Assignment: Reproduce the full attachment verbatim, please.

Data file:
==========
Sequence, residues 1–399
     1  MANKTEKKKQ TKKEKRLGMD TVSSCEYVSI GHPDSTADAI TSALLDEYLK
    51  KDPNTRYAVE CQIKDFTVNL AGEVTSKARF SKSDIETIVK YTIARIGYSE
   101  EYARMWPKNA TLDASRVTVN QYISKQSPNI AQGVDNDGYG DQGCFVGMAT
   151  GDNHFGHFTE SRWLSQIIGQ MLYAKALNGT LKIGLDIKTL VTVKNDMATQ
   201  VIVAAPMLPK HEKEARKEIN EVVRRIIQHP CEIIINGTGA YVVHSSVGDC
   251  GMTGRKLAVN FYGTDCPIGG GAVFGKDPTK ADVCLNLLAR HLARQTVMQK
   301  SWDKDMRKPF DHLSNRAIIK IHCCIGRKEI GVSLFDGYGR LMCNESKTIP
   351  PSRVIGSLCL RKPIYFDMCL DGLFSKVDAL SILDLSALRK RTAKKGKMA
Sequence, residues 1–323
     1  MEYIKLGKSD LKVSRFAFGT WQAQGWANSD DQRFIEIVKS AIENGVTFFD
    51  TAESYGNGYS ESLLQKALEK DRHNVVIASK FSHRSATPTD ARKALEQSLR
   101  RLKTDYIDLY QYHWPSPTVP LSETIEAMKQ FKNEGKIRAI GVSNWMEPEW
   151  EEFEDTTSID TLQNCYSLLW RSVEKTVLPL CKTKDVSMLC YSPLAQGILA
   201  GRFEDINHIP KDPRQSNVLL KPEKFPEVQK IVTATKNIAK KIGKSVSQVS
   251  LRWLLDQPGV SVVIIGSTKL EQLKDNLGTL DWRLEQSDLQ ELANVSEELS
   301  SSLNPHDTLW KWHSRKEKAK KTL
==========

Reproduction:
Sequence, residues 1–399
     1  MANKTEKKKQ TKKEKRLGMD TVSSCEYVSI GHPDSTADAI TSALLDEYLK
    51  KDPNTRYAVE CQIKDFTVNL AGEVTSKARF SKSDIETIVK YTIARIGYSE
   101  EYARMWPKNA TLDASRVTVN QYISKQSPNI AQGVDNDGYG DQGCFVGMAT
   151  GDNHFGHFTE SRWLSQIIGQ MLYAKALNGT LKIGLDIKTL VTVKNDMATQ
   201  VIVAAPMLPK HEKEARKEIN EVVRRIIQHP CEIIINGTGA YVVHSSVGDC
   251  GMTGRKLAVN FYGTDCPIGG GAVFGKDPTK ADVCLNLLAR HLARQTVMQK
   301  SWDKDMRKPF DHLSNRAIIK IHCCIGRKEI GVSLFDGYGR LMCNESKTIP
   351  PSRVIGSLCL RKPIYFDMCL DGLFSKVDAL SILDLSALRK RTAKKGKMA
Sequence, residues 1–323
     1  MEYIKLGKSD LKVSRFAFGT WQAQGWANSD DQRFIEIVKS AIENGVTFFD
    51  TAESYGNGYS ESLLQKALEK DRHNVVIASK FSHRSATPTD ARKALEQSLR
   101  RLKTDYIDLY QYHWPSPTVP LSETIEAMKQ FKNEGKIRAI GVSNWMEPEW
   151  EEFEDTTSID TLQNCYSLLW RSVEKTVLPL CKTKDVSMLC YSPLAQGILA
   201  GRFEDINHIP KDPRQSNVLL KPEKFPEVQK IVTATKNIAK KIGKSVSQVS
   251  LRWLLDQPGV SVVIIGSTKL EQLKDNLGTL DWRLEQSDLQ ELANVSEELS
   301  SSLNPHDTLW KWHSRKEKAK KTL